Chapter 7 of Making It Explicit is dedicated to anaphora, or “the structure of token repeatables”. Anaphora is a linguistic phenomenon involving a reference back to something previously mentioned, using a different term or terms from the original mention, such as a pronoun. (This is different from the rhetorical use of the term.) It thus tracks usage of different singular terms to refer to the same thing.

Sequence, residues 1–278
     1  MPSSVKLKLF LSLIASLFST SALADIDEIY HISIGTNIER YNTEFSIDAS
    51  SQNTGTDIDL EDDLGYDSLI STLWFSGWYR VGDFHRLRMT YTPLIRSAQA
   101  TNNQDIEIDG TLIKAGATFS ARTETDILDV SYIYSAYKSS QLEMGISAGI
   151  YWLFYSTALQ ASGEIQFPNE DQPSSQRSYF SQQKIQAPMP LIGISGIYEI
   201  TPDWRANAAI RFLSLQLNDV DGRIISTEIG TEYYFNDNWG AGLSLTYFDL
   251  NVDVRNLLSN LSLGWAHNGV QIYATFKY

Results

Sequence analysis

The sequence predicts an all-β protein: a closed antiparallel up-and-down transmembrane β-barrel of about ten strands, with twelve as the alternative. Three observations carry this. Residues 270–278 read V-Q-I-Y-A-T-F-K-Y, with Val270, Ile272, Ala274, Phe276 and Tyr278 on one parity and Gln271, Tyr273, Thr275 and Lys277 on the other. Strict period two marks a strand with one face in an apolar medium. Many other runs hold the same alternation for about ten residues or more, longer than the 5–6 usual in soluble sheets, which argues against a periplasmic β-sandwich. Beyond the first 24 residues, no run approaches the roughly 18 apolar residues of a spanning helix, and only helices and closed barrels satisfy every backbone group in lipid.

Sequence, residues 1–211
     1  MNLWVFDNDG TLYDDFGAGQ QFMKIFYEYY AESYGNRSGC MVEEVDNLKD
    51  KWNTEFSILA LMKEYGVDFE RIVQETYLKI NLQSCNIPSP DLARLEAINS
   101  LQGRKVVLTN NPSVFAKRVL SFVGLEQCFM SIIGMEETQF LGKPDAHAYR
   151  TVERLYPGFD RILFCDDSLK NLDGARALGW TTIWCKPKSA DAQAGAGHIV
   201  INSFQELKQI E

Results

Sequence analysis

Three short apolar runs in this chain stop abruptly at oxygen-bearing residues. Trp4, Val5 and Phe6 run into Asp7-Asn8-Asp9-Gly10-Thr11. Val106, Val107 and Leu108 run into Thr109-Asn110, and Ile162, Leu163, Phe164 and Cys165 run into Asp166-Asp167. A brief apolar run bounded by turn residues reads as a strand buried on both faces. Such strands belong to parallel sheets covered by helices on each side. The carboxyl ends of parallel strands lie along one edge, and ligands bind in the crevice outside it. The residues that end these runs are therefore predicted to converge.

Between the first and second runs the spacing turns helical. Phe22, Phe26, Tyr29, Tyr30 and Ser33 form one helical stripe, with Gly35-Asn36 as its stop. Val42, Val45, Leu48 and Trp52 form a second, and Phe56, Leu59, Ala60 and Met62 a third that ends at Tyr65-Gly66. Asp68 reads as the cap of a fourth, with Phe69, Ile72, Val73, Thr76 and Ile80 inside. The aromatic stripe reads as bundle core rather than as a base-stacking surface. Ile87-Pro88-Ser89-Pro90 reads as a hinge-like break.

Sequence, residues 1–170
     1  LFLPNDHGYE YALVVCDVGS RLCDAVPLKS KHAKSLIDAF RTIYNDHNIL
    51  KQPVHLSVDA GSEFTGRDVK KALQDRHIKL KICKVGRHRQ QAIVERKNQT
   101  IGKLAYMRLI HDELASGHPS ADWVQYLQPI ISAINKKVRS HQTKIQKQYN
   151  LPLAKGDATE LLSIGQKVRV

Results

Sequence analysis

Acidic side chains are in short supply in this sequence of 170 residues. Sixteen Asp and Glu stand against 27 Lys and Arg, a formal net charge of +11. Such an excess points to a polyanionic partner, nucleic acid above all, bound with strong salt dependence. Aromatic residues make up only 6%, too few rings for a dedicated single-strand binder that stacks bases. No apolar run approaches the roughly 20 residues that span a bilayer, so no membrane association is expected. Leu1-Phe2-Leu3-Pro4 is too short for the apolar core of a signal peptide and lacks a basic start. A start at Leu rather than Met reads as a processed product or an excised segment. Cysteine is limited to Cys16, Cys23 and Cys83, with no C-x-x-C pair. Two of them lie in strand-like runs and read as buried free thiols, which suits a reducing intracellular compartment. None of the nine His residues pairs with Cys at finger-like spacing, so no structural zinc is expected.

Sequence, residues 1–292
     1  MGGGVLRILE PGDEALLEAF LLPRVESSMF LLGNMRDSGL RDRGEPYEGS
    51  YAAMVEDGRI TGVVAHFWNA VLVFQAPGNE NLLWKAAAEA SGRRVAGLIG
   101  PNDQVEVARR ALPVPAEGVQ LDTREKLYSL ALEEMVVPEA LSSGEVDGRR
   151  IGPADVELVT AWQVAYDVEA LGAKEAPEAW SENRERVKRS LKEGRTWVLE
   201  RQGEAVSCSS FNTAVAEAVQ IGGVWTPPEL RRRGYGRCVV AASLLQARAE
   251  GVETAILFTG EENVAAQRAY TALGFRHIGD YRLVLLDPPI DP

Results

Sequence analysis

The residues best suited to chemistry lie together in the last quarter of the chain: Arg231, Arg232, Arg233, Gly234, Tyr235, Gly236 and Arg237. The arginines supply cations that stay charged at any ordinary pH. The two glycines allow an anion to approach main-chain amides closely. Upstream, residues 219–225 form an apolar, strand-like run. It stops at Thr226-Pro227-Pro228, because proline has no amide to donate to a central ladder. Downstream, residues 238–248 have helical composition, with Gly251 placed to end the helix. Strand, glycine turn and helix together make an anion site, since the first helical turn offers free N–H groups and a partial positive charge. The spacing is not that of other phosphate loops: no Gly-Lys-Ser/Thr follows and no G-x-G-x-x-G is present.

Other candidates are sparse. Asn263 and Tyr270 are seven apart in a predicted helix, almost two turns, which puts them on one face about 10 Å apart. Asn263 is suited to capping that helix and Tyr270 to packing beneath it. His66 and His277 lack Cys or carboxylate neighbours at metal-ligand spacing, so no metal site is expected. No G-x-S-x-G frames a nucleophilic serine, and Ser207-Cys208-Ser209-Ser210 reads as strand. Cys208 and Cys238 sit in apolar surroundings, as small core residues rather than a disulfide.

According to Brandom, anaphora is the key to understanding how claims come to refer to objects. Brandom notes that Frege in the Foundations of Arithmetic was concerned with the justification of singular representational purport. Judgments expressing our recognition of an object as the same again function as licenses for substitution for corresponding singular terms. Inferentially licensed substitutions for singular terms give conceptual content to identity. In this context, Brandom speaks of substitutional triangulation and substitutional holism.